The Equine Torch!

My favorite of the various Equine Torch Multimedia Compositions.

My favorite of the various Equine Torch Multimedia Compositions.

So last week, at this time, I was busy criticizing our school’s “Testing Evolution.” In my Homage to Fantastic Four No. 1, 1961, there was a depiction of a flaming, flying pony. It turns out that Pony was popular. I got a comment, and a large number of e-mails, and decided that I needed to celebrate that with a posting.

So…obviously, the shot above is the Equine Torch flying over New York. That was my favorite, but I did a number of mixed media collages, some digital, some print, after coloring the image.

What’s a collage? Good question!

Collage is a technique of art production, primarily used in the visual arts, where the artwork is made from an assemblage of different forms, thus creating a new whole. A collage may sometimes include magazine and newspaper clippings, ribbons, paint, bits of colored or handmade papers, portions of other artwork or texts, photographs and other found objects, glued to a piece of paper or canvas. The origins of collage can be traced back hundreds of years, but this technique made a dramatic reappearance in the early 20th century as an art form of novelty. The term collage derives from the French “coller”. This term was coined by both Georges Braque and Pablo Picasso in the beginning of the 20th century when collage became a distinctive part of modern art.

Jack Kirby loved collaging. More about that in a bit…lets see another composition:

Also a fun digital collage!

Also a fun digital collage!

The first step, of course, was a color image of the Equine Torch!

Gah!  Color!

Gah! Color!

Then, for the two digital images above, I needed to isolate the Torch from the background. In real collaging, that’s a literal “cut and paste” issue. Here’s the digital cutout…

Whoa!  Digital Cutout!  Suitable for use in other stuff!

Whoa! Digital Cutout! Suitable for use in other stuff!

So…collages made it into comics pretty early in the Silver Age, without digital assist, as above. Reportedly, it was Kirby’s intention to render the entire Negative Zone storyline in the Fantastic Four in collage, a pursuit he abandoned due to his page rate, the speed of his pencil and the printed result. Still, he would continue with this new passion through the 1970s, carrying the technique over to DC. Kirby’s Fourth World comics featured myriad collages.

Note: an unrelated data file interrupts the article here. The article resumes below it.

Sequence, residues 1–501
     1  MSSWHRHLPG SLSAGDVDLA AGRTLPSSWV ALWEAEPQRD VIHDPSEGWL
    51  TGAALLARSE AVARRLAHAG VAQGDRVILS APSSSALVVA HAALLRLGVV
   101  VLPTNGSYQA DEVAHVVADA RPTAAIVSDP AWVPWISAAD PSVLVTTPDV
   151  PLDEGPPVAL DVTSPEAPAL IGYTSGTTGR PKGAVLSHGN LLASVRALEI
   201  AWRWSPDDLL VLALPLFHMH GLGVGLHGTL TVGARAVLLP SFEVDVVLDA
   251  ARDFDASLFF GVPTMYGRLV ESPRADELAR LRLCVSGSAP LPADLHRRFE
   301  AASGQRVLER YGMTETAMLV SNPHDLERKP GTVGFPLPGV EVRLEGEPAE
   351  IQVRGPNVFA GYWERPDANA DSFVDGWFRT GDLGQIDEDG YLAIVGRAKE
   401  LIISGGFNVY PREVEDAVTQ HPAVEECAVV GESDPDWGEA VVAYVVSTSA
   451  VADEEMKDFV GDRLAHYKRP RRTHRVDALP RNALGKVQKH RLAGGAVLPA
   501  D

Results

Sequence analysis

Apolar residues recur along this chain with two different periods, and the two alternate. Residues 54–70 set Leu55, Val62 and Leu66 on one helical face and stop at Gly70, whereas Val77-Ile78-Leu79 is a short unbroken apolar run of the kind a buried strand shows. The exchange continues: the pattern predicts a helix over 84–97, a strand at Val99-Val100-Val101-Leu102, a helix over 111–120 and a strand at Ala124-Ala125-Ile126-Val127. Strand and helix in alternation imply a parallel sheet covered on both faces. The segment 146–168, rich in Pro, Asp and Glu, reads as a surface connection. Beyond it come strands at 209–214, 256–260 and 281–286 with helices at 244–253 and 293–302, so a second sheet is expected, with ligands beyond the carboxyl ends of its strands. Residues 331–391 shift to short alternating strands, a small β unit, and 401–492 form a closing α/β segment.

Removed from sequential storytelling and employed rather as illustration, these collages stand on their own as singular works of art. Kirby was so passionate about this art-form, that when he was asked if they should bring anything, he would request visitors to his home bring periodicals as fodder for his collages.

Kirby’s interest in collage was so keen that in the early 70s he desired to create fumetti comics, comprised entirely of photographs with captions, but could receive no support from DC. Ever ahead of his time, these became popular at the end of the decade in the United States with comic adaptations of films such as Star Trek, Grease, Saturday Night Fever, Rocky II, Close Encounters of the Third Kind, and Battlestar Galactica, although the medium had been popular prior in France, Spain and Latin America.

One of Kirby's Fantastic Four Collages.  This is when FF was great.  Great!

One of Kirby’s Fantastic Four Collages. This is when FF was great. Great!

Another mind blowing Kirby Collage!

Another mind blowing Kirby Collage!

...and another!

…and another!

Sadly, we all seem to remember collages as some lame project from elementary school, as opposed to a real, dynamic art form. That’s a bit sad, upon reflection…

Using some serious digital editing, and a cool filter algorithm, I too the cover to Anderson, Bruford, Wakeman and Howe’s self titled album, and edited in the Equine Torch. After that, I reflected it horizontally, and added the waterline effect….producing this digital motion collage out of a realtime paste up…

I hope that Jack looks at this kind of attempt to expand his ideas, and smiles.

I hope that Jack looks at this kind of attempt to expand his ideas, and smiles.

If the water isn’t moving, click on the image, BTW. That was some serious effort, and I still don’t love it. I kind of think, or hope, that Jack Kirby felt the same way…that he had done something interesting, but still had a way to go with it.

Next Issue: Mitch Watch!

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